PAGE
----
Thursday, November 02, 2006

The Final Reckoning

I’m handing in the grades for my Foundations class this morning on my way home from my chiropractor appointment. In the final counting, just under half of the students failed the course.

When I factored in all the lab work that DID get done, I ended up with 7 out of 17 students with scores below the 60% necessary to pass. I’m sure, at some point, I’ll get into a whole, long sermon about what I think about 60% being a passing grade, but I just don’t have it in me to fight that particular battle at the moment. Suffice to say that I don’t think that getting the right answer once more than half the time constitutes sufficient skill, in college OR real life. I’m pretty sure - though I’d have to ask my mathematically inclined friends - that you can beat that percentage just by guessing.

What I’m really tripping about is the fact that - against my better judgment and contrary to what I stated at the outset of the course - I gave the students until last night to finish the lab work they owed me - and damned near NONE of them did it. If more of the students had actually availed themselves of that opportunity - only two did - many more would have passed. As it was, the two that went back and did the work they needed to do managed to squeak OUT of failing; they brought their grades up over the requisite 60% and, as a result, don’t have to do this again. The rest of them? Don’t sell your book back to the bookstore just yet, kids - it’s going to come in handy in 12 weeks when the new English term starts up again.

So! What did *I* learn while teaching this class? Well, I learned - or, rather, had reconfirmed for me - that this is definitely what I want to do. I had a BLAST. I love the job and really want to keep doing it. I also learned that going back on my hard-ass deadline-or-die policy is a bad idea. The work is due when it’s due, period. If I don’t have it when I asked for it, it may not be handed in later. Tracking down all the different labs that people owed me the night before grades were due was just exhausting, and I’m not interested in doing that again. Finally, I learned that, even if I can’t reach EVERYONE, I can reach a few. I really connected with at least two - possibly three - students in the class. I TAUGHT them something. Light bulbs went off. There’s little that’s more satisfying than seeing the proverbial light dawn.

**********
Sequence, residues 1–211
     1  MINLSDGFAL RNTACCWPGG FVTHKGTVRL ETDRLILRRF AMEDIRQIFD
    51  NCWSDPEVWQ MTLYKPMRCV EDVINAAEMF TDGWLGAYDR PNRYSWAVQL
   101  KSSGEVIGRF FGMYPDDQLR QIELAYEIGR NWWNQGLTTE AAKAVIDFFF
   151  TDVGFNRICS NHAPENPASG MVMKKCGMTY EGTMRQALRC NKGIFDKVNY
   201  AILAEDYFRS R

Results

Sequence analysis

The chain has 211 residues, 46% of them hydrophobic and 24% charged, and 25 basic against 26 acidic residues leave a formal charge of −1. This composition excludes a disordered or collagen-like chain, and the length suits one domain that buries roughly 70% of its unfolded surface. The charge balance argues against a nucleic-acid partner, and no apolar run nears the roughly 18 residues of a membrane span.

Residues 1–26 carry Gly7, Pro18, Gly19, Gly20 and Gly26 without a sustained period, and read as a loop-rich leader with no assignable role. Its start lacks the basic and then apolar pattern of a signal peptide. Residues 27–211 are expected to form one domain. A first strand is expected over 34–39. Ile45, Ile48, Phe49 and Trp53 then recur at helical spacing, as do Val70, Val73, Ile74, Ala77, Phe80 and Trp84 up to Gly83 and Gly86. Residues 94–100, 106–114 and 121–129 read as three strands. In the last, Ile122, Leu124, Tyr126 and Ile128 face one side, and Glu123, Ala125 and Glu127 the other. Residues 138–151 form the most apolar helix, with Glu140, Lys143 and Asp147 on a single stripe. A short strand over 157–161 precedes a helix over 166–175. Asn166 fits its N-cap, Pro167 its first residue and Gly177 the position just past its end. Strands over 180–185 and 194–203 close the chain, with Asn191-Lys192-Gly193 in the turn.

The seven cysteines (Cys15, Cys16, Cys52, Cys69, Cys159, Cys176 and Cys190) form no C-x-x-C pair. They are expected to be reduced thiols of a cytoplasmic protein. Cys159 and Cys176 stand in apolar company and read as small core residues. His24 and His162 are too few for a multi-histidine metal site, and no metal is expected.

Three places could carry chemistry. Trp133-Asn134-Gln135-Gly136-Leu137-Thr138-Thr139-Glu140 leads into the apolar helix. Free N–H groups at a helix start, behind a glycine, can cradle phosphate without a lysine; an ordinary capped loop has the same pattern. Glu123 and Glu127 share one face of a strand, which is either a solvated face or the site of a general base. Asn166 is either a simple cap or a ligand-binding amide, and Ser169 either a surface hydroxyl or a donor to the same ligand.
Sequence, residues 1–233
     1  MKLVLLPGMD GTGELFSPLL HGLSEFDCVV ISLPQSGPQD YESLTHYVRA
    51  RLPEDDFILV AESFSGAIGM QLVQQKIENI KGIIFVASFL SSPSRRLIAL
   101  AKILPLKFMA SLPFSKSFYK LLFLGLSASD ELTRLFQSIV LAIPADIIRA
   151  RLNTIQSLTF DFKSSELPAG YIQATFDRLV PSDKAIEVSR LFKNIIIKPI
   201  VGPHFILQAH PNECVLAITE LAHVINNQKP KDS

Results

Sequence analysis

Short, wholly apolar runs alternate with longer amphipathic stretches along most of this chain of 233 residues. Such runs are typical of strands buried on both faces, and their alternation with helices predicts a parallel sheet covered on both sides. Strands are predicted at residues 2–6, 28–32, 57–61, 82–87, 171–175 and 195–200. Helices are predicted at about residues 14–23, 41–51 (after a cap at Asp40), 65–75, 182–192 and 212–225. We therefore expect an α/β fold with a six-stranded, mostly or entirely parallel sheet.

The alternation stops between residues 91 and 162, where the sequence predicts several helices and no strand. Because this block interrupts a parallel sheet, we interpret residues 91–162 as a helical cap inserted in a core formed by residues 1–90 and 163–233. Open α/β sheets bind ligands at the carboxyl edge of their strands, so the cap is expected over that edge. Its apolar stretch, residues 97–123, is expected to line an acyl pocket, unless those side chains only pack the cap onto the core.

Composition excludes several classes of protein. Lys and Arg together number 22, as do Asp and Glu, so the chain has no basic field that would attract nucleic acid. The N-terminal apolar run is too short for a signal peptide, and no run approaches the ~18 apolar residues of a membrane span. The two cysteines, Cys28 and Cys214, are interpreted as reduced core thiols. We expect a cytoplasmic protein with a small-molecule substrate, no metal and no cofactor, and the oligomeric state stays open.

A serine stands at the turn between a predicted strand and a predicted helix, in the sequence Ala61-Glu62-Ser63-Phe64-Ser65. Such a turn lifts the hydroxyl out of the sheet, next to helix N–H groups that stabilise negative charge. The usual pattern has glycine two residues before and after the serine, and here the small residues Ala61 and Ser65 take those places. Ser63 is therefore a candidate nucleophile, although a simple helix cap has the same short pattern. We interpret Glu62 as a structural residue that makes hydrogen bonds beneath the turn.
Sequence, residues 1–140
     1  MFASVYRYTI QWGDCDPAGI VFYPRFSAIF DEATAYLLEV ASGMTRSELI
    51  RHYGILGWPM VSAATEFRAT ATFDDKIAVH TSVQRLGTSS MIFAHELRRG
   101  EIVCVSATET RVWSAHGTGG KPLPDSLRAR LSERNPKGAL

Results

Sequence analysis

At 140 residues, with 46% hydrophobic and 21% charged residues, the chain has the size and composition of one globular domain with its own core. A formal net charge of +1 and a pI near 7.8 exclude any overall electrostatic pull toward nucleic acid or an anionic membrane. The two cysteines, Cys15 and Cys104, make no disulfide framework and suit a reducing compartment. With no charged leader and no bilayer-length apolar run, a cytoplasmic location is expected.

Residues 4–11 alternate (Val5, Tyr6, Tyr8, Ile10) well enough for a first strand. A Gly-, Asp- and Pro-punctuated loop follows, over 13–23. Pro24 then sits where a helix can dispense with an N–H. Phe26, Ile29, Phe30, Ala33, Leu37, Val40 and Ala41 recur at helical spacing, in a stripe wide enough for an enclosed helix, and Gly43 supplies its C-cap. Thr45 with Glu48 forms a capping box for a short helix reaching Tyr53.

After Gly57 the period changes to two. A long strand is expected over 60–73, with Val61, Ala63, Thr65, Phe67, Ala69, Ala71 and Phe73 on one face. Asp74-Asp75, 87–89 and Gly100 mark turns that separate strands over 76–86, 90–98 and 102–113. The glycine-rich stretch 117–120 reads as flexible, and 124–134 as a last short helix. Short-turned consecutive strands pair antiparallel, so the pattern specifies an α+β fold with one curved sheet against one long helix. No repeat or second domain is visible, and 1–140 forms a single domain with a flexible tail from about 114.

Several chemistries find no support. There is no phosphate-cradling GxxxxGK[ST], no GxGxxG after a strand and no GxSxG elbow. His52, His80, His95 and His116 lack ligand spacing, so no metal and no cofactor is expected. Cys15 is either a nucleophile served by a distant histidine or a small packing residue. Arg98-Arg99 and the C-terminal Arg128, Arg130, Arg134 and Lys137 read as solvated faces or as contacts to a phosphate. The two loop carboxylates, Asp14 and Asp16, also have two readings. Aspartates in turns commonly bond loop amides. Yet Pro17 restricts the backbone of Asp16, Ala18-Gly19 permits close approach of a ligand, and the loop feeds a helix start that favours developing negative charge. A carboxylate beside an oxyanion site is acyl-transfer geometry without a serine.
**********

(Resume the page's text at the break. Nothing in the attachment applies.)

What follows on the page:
It’s a high, and I’m an addict.

6 Comments:

Blogger Kizz said...

Pony Express is generally not a sports fan. She was outraged to learn that in baseball if you're batting over .300 you're pretty much a hall of famer. She rant goes on for days, "So, you're telling me that if I go in and do my job a third of the time, just a THIRD, then I'm a genius? This is nuts! If I went into work and did my job just a third of the time I'd be fired so fast I couldn't even comprehend!"

November 02, 2006 9:41 AM  
Anonymous Derek said...

I've just poked in on your blog, and I really like it so far. I'm a teacher-to-be/actual teacher, and all the experience I can glean from other teachers if much needed.

November 02, 2006 10:00 AM  
Blogger Mrs.Chili said...

Kizz, this is EXACTLY my point. We've raised mediocrity to such a level that we praise those who can do better than 60%. It's just WRONG, and I'm going to spend the better part of my professional life trying to find ways to point this out to the Powers That Be.

Derek, welcome! This is why I started this site - I wanted to get insight that came from outside my own little experience. Come back often, and let me know what you're thinking. I'm a better teacher - and a better person - for having the other voices to learn from.

November 02, 2006 10:39 AM  
Anonymous Contrary said...

I'm so glad you're happy. You worked hard and deserve it!

I do have to say that comparing baseball to schoolwork (or any other kind of work) isn't really going to work, unless you were throwing assigments at them at 100mph. :)

November 02, 2006 12:28 PM  
Blogger Wayfarer said...

I'll pipe in quickly (because I have only that much time) to say that, at my school, kids don't earn credit for classes unless they complete work at what most schools would consider a solid B or better. The way we do it, students have to meet every standard for the class in a way that says they really know what they need to. It's very empowering for me as a teacher because I don't have to feel like 60% of anything is adequate, and the students appreciate (though they may complain from time to time) that there's no shortcuts. If you know it and you can show you know it in more than one way, then you get credit. If you can't, you go back and do it over again (and again, and again, for as long as necessary) until you can.

November 02, 2006 6:13 PM  
Anonymous Laurie said...

Guessing can, based on a non-scientific study of a statistically insignificant sample, net you as much as 33 percent on a selected response test.

When I was student teaching, we had a bunch of kids who "Christmas tree'd" the tests, guessing randomly, occasionally creating a pattern on the bubble sheets that resembled a pine tree. Many of them were quite proud of their ability to guess randomly.

We handed them each an answer sheet, and then scored a practice SAT test from a manual. The highest score was 33 percent, the lowest was near zero.

The kid with the 33 was quite proud of his score; but that's just sad.

November 02, 2006 10:32 PM  

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